Effective shaming

Shaming can give the weak greater power. It can be used as a tool to encourage structural changes of institutions, organizations, and powerful individuals by exposing a transgressor to public disapproval.

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Self Improvement

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Shame is a universal experience. Shame enforces adherence to beneficial social norms.

Shaming is a tool and can be used for good or evil. We should use it when the outcome has a greater benefit for society, and when formal means of punishment have been exhausted. Shaming should ultimately lead to reform and reintegration and act as a deterrent against bad behavior.

Guilt is a private feeling of regret about something you did, and the discomfort leads to self-regulation regardless of exposure.

Shaming is about the possibility of being exposed to an audience.

The audience responsible for the shaming should be concerned with the transgression. The audience should be the victim. For instance, second-hand smoke impacts the health of non-smokers.

There should be a big gap between the desired and actual behavior. The smaller the gap, the less effective the shaming will be. The degree of bad relative to the group matters. 

For instance, the worse the level of pollution for a corporation is, the more people will shame it.

Shaming is most effective when the only possible avenue for punishment would otherwise go ignored. This triggers our sense of fury at injustice.

If a nation commits major human rights abuses, it is difficult for another nation to use the law to punish them. Exposing and drawing attention to the violations may shame the nation into stopping.

The transgressor should be sensitive and sympathetic to the source of shaming.

Shaming an organic grocery store for selling unethically produced meat would be far more effective than shaming a fast-food chain for the same thing.

The audience should trust the source of the shaming. The shaming should come from a reputable, trustworthy, non-hypocritical source, otherwise, the impact will be minimal.

Shaming should be directed where possible benefits are greatest. We all have a limited amount of interest in shaming. It should be used only for the most severe transgressions; otherwise, people will become desensitized, and shaming will lose its effectiveness.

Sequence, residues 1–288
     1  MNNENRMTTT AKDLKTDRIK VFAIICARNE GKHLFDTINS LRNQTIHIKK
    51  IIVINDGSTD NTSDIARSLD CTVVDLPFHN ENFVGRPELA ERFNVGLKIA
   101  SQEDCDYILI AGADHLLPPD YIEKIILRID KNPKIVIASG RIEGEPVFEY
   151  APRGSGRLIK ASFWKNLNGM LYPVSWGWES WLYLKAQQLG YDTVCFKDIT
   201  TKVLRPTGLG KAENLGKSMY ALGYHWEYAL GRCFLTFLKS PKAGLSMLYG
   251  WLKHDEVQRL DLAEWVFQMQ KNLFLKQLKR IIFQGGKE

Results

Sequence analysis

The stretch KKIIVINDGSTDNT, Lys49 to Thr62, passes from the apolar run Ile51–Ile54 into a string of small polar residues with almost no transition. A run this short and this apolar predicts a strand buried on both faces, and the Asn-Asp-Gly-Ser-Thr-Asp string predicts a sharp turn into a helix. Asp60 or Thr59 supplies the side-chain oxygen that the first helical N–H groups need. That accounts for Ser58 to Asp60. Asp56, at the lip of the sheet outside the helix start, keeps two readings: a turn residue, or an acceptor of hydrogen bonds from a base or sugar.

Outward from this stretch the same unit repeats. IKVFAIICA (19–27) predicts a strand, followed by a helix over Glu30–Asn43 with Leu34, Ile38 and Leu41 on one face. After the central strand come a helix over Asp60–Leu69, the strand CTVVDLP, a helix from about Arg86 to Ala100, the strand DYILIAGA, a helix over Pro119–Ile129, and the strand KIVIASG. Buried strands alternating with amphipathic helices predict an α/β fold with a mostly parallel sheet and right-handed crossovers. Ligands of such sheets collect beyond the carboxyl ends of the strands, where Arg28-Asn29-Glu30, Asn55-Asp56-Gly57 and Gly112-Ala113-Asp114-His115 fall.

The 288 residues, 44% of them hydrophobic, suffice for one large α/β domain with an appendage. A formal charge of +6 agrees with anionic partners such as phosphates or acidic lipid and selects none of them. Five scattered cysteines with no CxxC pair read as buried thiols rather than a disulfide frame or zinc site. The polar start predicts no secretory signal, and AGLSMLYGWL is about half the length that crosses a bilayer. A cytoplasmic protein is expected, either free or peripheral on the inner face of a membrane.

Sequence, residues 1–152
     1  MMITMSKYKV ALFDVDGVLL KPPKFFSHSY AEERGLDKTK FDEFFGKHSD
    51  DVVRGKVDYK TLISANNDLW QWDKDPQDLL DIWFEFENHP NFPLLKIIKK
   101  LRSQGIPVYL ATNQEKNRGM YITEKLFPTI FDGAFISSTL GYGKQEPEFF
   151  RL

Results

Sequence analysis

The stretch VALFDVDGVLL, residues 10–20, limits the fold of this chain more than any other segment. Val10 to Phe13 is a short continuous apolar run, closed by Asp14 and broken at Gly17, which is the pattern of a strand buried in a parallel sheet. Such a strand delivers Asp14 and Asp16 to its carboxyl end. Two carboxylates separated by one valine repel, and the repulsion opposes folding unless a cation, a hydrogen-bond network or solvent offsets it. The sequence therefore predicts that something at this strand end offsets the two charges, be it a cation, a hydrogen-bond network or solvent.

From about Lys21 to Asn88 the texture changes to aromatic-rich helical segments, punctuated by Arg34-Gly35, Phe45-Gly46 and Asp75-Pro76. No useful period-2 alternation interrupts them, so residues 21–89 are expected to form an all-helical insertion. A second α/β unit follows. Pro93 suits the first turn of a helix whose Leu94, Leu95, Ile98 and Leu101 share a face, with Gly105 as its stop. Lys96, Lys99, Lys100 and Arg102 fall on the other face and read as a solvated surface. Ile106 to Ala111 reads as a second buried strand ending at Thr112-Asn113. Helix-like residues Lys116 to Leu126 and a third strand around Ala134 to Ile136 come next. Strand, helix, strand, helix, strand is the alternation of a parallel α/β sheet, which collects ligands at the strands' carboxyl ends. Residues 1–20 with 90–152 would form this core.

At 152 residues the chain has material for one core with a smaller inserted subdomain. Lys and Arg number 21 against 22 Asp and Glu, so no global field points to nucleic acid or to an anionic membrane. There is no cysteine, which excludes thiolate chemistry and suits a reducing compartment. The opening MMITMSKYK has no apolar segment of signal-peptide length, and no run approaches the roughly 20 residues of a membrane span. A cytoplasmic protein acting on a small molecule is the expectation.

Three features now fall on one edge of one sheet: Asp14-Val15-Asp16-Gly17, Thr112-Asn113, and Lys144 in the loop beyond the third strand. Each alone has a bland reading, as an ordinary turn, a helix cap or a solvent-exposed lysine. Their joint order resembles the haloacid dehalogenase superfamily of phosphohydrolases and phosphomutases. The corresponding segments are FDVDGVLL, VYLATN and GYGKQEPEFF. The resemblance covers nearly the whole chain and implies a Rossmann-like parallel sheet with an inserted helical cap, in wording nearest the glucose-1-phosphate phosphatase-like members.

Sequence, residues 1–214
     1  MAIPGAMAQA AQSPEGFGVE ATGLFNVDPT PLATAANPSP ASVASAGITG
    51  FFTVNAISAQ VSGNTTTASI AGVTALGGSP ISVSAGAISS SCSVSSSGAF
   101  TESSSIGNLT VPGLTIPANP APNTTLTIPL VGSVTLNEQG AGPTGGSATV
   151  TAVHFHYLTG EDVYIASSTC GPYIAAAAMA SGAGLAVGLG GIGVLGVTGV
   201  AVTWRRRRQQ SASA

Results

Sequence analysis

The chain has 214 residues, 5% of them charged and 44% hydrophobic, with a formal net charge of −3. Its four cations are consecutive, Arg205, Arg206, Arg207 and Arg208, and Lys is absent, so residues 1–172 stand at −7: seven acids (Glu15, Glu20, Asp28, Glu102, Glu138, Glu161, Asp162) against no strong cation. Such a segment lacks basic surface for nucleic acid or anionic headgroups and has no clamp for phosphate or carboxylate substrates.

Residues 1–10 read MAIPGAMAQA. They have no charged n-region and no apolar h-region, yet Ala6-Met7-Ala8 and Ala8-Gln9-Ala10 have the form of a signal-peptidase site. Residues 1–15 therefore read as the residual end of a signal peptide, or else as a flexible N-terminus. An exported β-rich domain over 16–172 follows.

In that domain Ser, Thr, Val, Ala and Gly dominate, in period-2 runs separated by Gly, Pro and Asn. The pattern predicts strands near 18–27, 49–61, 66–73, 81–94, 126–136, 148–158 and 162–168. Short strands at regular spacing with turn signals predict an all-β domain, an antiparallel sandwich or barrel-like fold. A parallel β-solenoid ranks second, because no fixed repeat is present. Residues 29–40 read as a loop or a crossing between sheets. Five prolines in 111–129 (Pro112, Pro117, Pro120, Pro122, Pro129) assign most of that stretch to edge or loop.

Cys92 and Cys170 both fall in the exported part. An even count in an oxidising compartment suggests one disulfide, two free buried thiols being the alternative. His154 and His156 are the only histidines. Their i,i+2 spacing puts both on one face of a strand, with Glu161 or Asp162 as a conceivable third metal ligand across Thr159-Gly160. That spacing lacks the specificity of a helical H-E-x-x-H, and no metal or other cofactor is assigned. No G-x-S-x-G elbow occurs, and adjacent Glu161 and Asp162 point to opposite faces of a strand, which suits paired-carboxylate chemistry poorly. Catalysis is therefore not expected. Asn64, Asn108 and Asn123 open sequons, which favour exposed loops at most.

The threat of shaming can be more useful than the act itself to reform behavior. It may be helpful to implement regularly. For instance, an annual report on the companies guilty of the most pollution works better than a once-off.

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RELATED IDEAS

  • Guilt is related to shame but is easier to rectify, as we focus our attention on the other person and apologize, accepting responsibility.
  • Shame is an inward emotion that makes us view our entire self in a bad light, with us getting punished by our conscience.
  • Guilt is actually a positive emotion, showing our empathy and encouraging us to reverse the harm that we may have done.

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IDEAS

The Harm of Shame

Shame can be more troubling than guilt. It's hard for some people to separate their actions from who they are as a person. The downsides of shame:

  • Decreases self-esteem - you tend to think that every negative action says something about who you are.
  • Promotes unethical behavior - people who cling to shame are more likely to act poorly and hide it from others.
  • Creates a sense of hopelessness - life can seem hopeless if you feel powerless to change.

Enabling may accidentally happen when you are trying to help, but after an extended period, you realise that you are really helping.

  • Cleaning up after someone is one form of enabling behavior and includes any way of protecting the person from the negative consequences of their own behavior.
  • A partner lies to his in-laws about his wife's drug problem to protect her from embarrassment.
  • A sibling pays his brother's rent because he regularly loses his money to gambling.

It might be okay if it happened once, but if these "rescues" happen repeatedly, they don't get to learn from the cause-and-effect pattern of their behaviors.

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